Based on the previous studies[5],[6],[8],[11] and taking into account of 95% confidence level and 80% power for each type of the wire, five specimens in each testing group were prepared. 60 specimens were used in this study.

Three different mouthwash solutions were used. The solutions were 0.05% sodium fluoride (NaF) mouthwash (Oral-B, Germany), 0.2% CHX (Iran Najo Pharmaceutical Co., Tehran, Iran), and ZM extract (Barij Essence Pharmaceuticals Co., Kashan, Iran). Distilled water (DW) was used as control group. According to the different solutions mentioned, there were four major groups, and each of these groups was divided into three subgroups based on the three types of the wires in this study. [Table 1] shows these different groups. The wires in each group were immersed in their respective solutions and incubated at 37°C for 1.5 h. This time was equivalent to 3 months of one1-minute daily application of these mouthwashes.[2],[5],[8] After this time, all the specimens were removed from the solutions and rinsed with DW.
Table 1: Different experimental groups

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Next, all the specimens were subjected to a three-point bending test on a universal testing machine (Hounsfield, Tinius Olsen Ltd., Honeycrock Lane, Redhill, UK) with a load cell of 50 KN [Figure 1]. For the three-point bending test, a jig with two parallel brass rods was mounted on the lower jaw of the machine [Figure 2]. Two GAC® (GAC International, Bohemia, NY, USA) edgewise central incisor brackets with a slot size of 0.022 × 0.028 inches were bonded on the top of these rods with an inter bracket distance of 15.5 mm, according to Wilkinson's standards.[16] This distance was selected to clinically simulate the distance between the middle of the central and canine brackets in a maxillary male dentition. The wires were placed in the brackets and fixed with elastomeric ligatures.
Figure 1: Three-point bending apparatus.

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Figure 2: Close up view of the jig with two brass rods and brackets in place.

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Compressive load was applied using the third rod that was vertically attached to the machine with a crosshead speed of 0.5 mm/min to the center of each wire. Each specimen was loaded up to a 2.5 mm deflection. Unloading force was applied at the same speed. Force in Newtons and deflection in millimeters were recorded for each specimen with a computer software program (Qmat, Tinius Olsen Ltd., Honey crock Lane, Redhill, UK). The mean magnitude of forces for each specimen were calculated in each 0.5 mm interval during loading and unloading.

Based on the load-deflection curve and the dimensions of the wires, the stress and the corresponding strain were calculated using the following equation, and the stress-strain diagram was drawn.[5]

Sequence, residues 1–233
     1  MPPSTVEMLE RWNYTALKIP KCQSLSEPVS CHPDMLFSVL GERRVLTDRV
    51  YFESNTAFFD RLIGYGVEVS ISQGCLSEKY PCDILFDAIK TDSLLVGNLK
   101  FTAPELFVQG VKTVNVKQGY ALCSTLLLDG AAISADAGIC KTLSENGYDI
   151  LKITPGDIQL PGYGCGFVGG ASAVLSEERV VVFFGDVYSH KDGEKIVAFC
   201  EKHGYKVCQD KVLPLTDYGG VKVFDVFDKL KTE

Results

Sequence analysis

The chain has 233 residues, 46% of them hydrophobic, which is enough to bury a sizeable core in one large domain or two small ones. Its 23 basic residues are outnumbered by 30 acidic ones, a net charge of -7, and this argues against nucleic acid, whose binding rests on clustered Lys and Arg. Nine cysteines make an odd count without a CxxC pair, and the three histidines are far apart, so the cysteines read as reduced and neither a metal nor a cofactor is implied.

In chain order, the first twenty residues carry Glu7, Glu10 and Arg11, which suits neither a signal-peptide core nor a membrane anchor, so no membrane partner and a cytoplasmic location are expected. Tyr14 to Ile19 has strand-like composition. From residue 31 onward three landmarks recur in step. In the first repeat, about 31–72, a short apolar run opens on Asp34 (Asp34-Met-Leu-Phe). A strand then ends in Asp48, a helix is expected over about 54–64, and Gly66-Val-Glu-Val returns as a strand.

The flexural stress σf = FLR3

The flexural strain ɛf = 6Dd/L2

Where,σf was the stress in the outer fibers at midpoint (MPa), ɛf was the strain in the outer surface (mm/mm), F was the load at a given point on the load-deflection curve (N), L was the support span (mm), d was depth of tested beam (mm), R was the radius of the beam (mm), and D was the maximum deflection of the center of the beam (mm).

The loading modulus of elasticity (E) of each specimen was calculated from the linear portion of the stress-strain diagram. One wire from each group was randomly selected too bserve the surface morphology using a scanning electron microscope (SEM) (VEGA3 SB TESCAN, Libušinatřída, Czech Republic).

Statistical analysis

Statistical tests were done using PASW® version 17 (SPSS Inc., Chicago, IL, USA). A one-sample Kolmogorov–Smirnov (K–S) test was used to evaluate the normal distribution of the data. A two-way analysis of variance (ANOVA) was used to identify significant differences between the three types of arch wires immersed in four respective type of solutions and the effects of interaction among the variables. Mean values of the modulus of elasticity and the loading and unloading forces in each group were calculated. A Bonferroni paired comparison was used to compare the effect of different mouthwashes on wire types. P < 0.05 was defined to be statistically significant for all the tests.


  Results Top


The results of the K–Stest showed a normal distribution of the data (P > 0.05). The effects of the different solutions on the three types of wires and their mean elastic moduli are presented in [Figure 3]. The results of the two-way ANOVA showed that the fluoride treatment caused a significant reduction in E of the NiTi and SS wires and a significant increase in E of the coated wires (P = 0.000). The CHX mouthwash produced a statistically significant increase of E in the NiTi and coated wires and a significant decrease of E in the SS wires compared to the control group (P < 0.05). The ZM mouthwash significantly increased the E of the NiTi wires and reduced the E in the SS and coated wires (P < 0.05).
Figure 3: Mean elastic modulus of the studied wires after immersion in different solutions (GPa).

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A pair wise comparison showed no significant difference between the effect of NaF and CHX mouthwash on the E of different types of wires (P = 1). The difference between the effect of NaF mouthwash and ZM mouthwash on the E of wire types was not significant (P = 0.17). The difference between the effect of DW and ZM on different types of wires was also not statistically significant (P = 1).

A two-way ANOVA was used for the effect of different mouthwashes on the wires and on the mean values of forces in different intervals during the loading and unloading. The results are presented in [Table 2],[Table 3],[Table 4]. P values for all of the loading and unloading forces in all of the groups were 0.000. The load-deflection curve for the three subgroups of the control group (G1) is presented in [Figure 4] as a sample.